- The Pandemic and resulting disruption and uncertainty have destroyed the idea of an orderly “replacement wave”, anticipated as Series 1 and 2 projectors reached the end of their expected life. Instead, exhibitors often “repair rather than replace” and have converted to laser on an “as needed” basis.
- At this point, Cinema revenue is still not back to peak 2019 level. This is largely due to the 18 to 24 month lead-time needed to produce new content. Two “Billion Dollar” titles this summer proved that if the content is compelling the patrons will come out, indicating that for the most part, direct Pandemic impact is over.
- Depending on region, box office is back to 50-90% of pre-pandemic levels with an overall recovery of ~80% vs. 2019.
- Cinema will not return to 2019 (previous peak) level until 2023. Timing will be region dependent
Laser Illumination progress
- Cinema installed base is ~15-20% Laser, with much higher penetration rates for PLF and new multiplexes
- The overwhelming majority of both Cinema and non-cinema LIPs are Laser-Phosphor (or more recently, RGB+Laser-Phosphor Hybrids) with “pure” RGB growing slowly. RGB acceptance is still held back by the perception of speckle
- Rapidly increasing Energy costs will favor LIPs, as they are more efficient and require less cooling than Xenon based projectors
- Highly optimized RGB+Laser-Phosphor hybrid light engines continue to reduce the TCO of LIPs vs Lamps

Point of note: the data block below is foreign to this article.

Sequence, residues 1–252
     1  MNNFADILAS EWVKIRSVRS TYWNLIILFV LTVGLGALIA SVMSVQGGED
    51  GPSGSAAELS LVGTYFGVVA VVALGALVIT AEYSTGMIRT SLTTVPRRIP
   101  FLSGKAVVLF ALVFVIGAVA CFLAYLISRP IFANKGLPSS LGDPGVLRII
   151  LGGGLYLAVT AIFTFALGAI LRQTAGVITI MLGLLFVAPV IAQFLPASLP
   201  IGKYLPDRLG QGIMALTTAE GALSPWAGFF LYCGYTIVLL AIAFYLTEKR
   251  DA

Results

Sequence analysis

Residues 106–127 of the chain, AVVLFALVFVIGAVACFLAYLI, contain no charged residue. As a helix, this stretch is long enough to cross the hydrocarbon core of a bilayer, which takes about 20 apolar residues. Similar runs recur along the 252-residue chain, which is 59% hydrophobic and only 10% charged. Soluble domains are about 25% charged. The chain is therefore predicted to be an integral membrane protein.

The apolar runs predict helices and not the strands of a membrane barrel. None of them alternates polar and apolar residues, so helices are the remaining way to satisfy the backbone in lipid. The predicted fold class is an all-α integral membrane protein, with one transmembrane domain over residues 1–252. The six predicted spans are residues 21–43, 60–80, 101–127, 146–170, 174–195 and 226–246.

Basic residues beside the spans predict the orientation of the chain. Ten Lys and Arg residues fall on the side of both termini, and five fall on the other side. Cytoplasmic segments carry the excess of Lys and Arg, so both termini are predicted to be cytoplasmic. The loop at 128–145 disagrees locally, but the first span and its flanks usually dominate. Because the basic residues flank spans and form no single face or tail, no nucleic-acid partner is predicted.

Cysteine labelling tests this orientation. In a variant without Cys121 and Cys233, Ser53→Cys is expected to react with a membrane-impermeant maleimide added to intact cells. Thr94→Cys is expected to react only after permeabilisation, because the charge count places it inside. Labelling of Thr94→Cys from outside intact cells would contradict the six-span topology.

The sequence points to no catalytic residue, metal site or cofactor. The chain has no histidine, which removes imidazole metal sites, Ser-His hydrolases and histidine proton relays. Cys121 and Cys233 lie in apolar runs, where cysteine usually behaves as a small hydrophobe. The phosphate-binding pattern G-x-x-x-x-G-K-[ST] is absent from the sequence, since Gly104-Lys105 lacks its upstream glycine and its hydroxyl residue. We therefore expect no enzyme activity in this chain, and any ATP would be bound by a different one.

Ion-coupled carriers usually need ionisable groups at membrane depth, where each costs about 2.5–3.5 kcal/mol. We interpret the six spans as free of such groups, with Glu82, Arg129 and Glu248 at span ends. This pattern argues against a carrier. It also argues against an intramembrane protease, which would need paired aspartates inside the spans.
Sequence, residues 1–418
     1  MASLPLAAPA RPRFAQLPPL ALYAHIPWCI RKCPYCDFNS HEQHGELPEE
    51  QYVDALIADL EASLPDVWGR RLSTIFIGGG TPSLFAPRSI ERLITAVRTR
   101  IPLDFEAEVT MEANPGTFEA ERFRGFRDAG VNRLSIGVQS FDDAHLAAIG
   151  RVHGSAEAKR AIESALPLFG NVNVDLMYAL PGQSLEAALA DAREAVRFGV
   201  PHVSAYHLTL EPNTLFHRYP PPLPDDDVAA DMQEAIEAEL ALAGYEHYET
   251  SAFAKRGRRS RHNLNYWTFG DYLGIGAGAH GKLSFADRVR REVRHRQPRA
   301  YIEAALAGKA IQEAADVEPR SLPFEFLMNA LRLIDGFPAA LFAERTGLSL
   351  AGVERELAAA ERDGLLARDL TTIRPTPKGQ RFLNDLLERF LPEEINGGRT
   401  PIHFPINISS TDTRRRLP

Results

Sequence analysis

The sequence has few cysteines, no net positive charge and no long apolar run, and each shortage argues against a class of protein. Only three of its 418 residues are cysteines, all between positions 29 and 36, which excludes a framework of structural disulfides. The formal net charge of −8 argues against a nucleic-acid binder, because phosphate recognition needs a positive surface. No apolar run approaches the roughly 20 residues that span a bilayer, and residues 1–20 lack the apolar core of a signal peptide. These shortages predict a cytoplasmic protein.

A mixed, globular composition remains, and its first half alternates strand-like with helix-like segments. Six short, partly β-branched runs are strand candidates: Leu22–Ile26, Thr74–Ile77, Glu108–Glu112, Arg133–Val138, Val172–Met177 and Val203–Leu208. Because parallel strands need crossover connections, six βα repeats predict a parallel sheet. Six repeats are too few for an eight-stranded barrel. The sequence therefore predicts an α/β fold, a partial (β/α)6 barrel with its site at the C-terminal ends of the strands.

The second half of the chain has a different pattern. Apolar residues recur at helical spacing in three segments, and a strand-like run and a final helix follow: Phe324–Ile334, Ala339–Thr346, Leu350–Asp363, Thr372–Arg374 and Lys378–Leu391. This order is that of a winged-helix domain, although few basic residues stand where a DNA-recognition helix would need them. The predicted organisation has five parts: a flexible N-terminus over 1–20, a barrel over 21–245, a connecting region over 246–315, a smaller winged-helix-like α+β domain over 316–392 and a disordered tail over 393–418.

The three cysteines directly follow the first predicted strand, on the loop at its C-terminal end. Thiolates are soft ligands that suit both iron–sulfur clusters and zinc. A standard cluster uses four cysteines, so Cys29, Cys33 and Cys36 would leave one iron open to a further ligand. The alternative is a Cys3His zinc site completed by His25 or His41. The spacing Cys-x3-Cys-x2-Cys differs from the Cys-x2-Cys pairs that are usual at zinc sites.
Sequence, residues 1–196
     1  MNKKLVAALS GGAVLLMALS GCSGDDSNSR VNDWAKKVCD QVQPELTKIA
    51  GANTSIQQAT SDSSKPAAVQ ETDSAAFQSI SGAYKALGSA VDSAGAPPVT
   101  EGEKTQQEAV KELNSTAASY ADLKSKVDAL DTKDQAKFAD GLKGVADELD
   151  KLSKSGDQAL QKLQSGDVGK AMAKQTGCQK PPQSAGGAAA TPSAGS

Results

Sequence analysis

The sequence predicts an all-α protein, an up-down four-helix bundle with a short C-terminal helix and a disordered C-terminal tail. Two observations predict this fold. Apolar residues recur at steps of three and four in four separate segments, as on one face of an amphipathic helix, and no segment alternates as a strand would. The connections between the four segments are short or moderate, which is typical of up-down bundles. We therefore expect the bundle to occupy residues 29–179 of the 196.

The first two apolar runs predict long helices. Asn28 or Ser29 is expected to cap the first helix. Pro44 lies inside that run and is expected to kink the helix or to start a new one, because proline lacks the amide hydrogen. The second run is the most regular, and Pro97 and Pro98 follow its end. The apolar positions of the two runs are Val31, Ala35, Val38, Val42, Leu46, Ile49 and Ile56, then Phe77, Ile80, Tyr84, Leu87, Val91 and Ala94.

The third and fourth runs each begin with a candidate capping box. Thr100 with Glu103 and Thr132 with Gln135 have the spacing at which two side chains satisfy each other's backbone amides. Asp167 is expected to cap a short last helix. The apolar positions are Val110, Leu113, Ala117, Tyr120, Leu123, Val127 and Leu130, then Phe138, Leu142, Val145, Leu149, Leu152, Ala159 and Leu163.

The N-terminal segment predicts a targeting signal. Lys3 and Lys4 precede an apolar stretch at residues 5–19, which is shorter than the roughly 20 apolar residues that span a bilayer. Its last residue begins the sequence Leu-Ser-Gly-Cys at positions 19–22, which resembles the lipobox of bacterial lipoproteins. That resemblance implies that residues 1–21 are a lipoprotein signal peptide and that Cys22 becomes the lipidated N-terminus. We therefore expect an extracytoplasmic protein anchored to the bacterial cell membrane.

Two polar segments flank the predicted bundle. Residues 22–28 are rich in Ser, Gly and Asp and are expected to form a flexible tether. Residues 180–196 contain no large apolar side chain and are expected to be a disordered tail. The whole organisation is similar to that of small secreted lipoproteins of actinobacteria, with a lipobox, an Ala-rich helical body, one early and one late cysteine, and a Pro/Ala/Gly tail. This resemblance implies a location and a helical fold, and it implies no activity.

- In the Professional/Consumer segments, Laser Illumination shares of unit volumes and revenues are forecast to increase in 2023 to 28% and 62% respectively; with RGB attaining ~5% share by revenue
- LIPA member manufacturers LIP shares ranged from 50% to near 100% by revenue in 2Q2022
Question and Answer Session
- The group discussed the likely impact of rapidly increasing Energy costs and concluded that given a desire and ability to purchase, LIP direct and indirect OPEX savings would be higher with higher power costs, but that general inflation might discourage that decision to purchase. This could substantially impact various business models.
- PMA pointed out that in general FPDs are competitive with Projectors, but above 80” diagonal image size, laser projectors begin to have a price advantage for both hardware and installation that increases as image size gets bigger
- DVLEDs were discussed in the context of their threat to LIPs. Although comparable in terms of image quality, they are still more expensive and even more so when construction, installation, and skilled installation-labor shortages are considered.
- However, DVLEDs are making inroads in content production workflows (virtual movie sets) where they have higher prices, unique benefits and custom installation costs are supportable
- Some Cinema DVLED are “HDR-capable” but so far, little content is available that is mastered in HDR (for Cinema or Streaming). This will change over time as DCI has recently ratified a new HDR specification for Cinema exhibition. Note that HDR/WCG will be the topic of the next LIPA Webinar on October 26, 2022. See: www.LIPAinfo.org for details.